The decapitated body of veteran
police beat reporter Ordaz was found at 4 a.m. on July 26, two days after she
was seized by armed men as she left her home. The body was found near the
offices of the newspaper Imagen.
In a press conference, state
prosecutor Reynaldo Escobar Pérez said Ordaz’s murder was not linked to her
work and that the evidence indicated her killers were members of organized
crime. He also suggested the journalist might have had ties to organized crime.
Notiver immediately called for the prosecutor’s resignation in an
editorial, saying, “We strongly reject this accusation and designate it as
unfair, irresponsible, and stupid.”
Authorities appeared to take a
broader view of the investigation in their subsequent statements. A spokeswoman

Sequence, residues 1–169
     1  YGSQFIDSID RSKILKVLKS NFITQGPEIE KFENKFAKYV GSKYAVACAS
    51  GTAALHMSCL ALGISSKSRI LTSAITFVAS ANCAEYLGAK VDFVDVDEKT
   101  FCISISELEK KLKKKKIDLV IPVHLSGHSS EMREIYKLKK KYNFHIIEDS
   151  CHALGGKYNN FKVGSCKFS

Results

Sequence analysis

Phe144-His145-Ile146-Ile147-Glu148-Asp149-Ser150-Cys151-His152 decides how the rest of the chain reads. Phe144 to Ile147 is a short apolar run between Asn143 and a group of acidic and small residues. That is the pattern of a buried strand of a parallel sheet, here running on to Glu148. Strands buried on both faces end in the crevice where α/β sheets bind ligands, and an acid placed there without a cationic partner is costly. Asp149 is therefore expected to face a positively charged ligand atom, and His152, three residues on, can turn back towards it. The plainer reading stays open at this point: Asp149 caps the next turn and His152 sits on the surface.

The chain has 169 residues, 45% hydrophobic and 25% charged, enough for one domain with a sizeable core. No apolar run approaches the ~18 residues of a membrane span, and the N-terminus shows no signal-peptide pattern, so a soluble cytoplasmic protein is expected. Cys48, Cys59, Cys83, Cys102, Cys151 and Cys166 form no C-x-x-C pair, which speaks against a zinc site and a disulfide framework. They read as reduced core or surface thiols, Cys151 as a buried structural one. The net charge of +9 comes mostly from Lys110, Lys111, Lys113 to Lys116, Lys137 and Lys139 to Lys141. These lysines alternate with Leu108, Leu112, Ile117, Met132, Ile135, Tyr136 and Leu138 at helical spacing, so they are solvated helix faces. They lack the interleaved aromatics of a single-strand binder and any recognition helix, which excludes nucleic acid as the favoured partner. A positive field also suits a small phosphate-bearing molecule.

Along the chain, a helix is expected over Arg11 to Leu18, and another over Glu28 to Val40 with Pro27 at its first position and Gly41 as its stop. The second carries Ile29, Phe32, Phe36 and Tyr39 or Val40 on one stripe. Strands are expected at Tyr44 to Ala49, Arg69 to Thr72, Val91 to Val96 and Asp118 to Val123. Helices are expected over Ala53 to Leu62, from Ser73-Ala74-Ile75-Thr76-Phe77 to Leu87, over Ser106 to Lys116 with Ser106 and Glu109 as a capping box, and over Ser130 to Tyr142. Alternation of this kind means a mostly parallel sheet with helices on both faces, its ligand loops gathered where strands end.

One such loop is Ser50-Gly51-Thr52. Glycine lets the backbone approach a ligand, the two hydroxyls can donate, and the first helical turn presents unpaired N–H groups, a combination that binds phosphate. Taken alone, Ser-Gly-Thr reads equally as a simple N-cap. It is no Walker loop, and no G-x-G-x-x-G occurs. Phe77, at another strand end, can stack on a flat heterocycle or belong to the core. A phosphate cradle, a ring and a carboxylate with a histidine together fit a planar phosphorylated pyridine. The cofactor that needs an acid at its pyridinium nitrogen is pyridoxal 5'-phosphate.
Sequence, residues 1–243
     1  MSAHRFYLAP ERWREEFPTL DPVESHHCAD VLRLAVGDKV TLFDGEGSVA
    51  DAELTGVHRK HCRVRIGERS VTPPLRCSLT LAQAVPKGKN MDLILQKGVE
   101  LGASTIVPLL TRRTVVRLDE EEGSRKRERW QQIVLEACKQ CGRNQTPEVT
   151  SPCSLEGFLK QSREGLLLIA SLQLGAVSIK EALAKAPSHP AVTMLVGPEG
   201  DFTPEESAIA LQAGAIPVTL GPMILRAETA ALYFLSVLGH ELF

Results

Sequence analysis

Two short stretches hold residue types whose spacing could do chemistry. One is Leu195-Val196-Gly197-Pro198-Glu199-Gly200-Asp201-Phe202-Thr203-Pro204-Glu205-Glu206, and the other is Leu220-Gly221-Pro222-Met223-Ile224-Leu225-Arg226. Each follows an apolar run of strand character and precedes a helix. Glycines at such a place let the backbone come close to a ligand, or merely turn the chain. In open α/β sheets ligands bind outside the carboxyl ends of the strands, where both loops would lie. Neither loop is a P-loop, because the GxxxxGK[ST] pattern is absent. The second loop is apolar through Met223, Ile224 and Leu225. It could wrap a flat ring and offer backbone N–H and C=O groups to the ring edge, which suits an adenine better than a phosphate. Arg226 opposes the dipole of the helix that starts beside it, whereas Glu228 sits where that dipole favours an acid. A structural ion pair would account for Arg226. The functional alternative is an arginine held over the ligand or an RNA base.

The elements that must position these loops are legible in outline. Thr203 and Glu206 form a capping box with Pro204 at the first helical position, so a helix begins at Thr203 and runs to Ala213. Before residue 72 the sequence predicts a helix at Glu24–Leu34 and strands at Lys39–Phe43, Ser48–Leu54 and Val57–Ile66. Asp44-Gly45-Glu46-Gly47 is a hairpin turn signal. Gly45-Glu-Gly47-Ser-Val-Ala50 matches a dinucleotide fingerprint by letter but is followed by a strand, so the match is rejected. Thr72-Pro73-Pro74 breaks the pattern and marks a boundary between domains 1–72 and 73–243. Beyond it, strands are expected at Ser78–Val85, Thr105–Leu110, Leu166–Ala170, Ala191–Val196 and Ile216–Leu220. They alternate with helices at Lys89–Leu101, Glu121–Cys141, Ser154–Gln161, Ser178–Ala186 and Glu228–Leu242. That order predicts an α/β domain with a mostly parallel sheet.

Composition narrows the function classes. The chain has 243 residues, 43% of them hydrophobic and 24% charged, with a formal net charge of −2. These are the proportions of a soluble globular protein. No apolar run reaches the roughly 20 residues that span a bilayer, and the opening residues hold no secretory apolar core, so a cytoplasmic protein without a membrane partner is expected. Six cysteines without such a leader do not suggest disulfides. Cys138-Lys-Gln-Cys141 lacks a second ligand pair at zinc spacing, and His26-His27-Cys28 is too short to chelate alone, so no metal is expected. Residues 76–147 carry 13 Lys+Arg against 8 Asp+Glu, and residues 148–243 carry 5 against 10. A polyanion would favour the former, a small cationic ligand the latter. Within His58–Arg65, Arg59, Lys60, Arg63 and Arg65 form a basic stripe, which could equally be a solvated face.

for the prosecutor’s office, Magda Zayas, told CPJ the journalist’s work was
being considered as a possible motive.
On August 5, Veracruz Gov. Javier Duarte de Ochoa said
authorities were pursuing multiple lines of investigation. He said
investigators found an identification card belonging to Ordaz among the
possessions of two unidentified criminal suspects killed in a military
operation earlier that week, press reports said. Mexico’s Human Rights
Commission said it would investigate Ordaz’s killing, The Associated Press
A note found with Ordaz’s body
seemed to connect her murder to the killing in June of
well-known columnist Miguel Angel López Velasco, the spokeswoman Zayas said.
She said the note, signed “Carranza,” said: “Friends can also betray you.”
Reporters in Veracruz told CPJ that the gruesome killing and the placement of
the body near a newspaper appeared to be an ominous message meant for the